“Father, I don’t know what you see in me.”
Isaiah, a sophomore at Arrupe College, said those words to me a few months ago. I’m the dean at Arrupe, a college within Loyola University Chicago that enrolled its first class in 2015. Arrupe is a junior college; our students commute, qualify for federal and state aid, and are generally the first in their families to attend college. Our inaugural class graduated with their associates degrees in August 2017.
Isaiah is a member of the Class of 2018. He struggles academically, and he struggles under the burden of what my colleagues at Arrupe call the deficit narrative. For first gen, marginalized, students of color like Isaiah, the deficit narrative portrays him as needy, broken, vulnerable, a product of past failures. At Arrupe, we emphasize the asset narrative–our students’ strengths and possibilities, their successes, and their abilities to navigate a variety of situations that for other undergrads would be unimaginable. In short, we want our students to believe they contribute positively to Jesuit higher education–because they do.In this Sunday’s Gospel, John repeats the word “believe” five times. For John, unbelief is a sin. Whoever believes will have eternal life; whoever does not believe will be condemned.
The deficit narrative is sinful at Arrupe College because it prevents students like Isaiah from believing that they bring assets to our community–they are very much co-pioneering a new way of creating access to Jesuit higher education.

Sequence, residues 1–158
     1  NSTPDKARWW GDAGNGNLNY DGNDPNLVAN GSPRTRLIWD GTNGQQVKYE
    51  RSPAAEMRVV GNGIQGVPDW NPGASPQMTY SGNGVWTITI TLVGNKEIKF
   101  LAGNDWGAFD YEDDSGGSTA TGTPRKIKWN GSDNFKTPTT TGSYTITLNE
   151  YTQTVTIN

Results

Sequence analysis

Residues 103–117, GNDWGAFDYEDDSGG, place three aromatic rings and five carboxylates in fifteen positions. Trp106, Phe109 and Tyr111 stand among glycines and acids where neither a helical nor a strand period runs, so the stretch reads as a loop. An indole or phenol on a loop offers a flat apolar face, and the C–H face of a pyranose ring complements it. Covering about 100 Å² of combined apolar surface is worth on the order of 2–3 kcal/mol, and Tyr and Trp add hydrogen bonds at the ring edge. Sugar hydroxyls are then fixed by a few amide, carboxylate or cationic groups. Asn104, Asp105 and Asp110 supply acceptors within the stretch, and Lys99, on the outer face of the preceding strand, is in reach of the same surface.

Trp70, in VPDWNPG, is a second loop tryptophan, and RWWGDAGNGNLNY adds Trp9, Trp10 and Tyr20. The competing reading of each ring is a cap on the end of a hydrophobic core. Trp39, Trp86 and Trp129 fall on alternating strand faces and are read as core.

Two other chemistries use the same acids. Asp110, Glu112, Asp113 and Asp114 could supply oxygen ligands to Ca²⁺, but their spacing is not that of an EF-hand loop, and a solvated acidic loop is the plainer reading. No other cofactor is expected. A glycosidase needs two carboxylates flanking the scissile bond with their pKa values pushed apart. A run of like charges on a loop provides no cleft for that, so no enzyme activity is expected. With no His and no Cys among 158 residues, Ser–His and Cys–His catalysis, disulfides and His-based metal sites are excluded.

John tells us in the Gospel that God did not send Jesus to condemn the world. I am reminded here of the world-affirming theology espoused by Ignatius, who calls us to find God in all things. God is active in our communities and contexts. It is easy for me to find God present in the students and in the ways my colleagues and I accompany them during their first post-secondary educational experiences.
God was certainly present the other day when Isaiah appeared in my office. “Check this out, Father,” he said, and offered a paper for my review from his Shakespeare class. A-. Isaiah’s professor is demanding; this grade was no gift. Isaiah was over the moon. We celebrated his success, and he described how he had written the paper, a process I suggested he might want to repeat if applicable. We had moved a bit from Isaiah’s statement: “Father, I don’t know what you see you in me.” I believe God sees everything in Isaiah, a student who is beginning to believe what God knows–Isaiah is an asset to the Arrupe College community.
Fr. Stephen Katsouros, S.J. is dean and executive director of Arrupe College of Loyola University Chicago.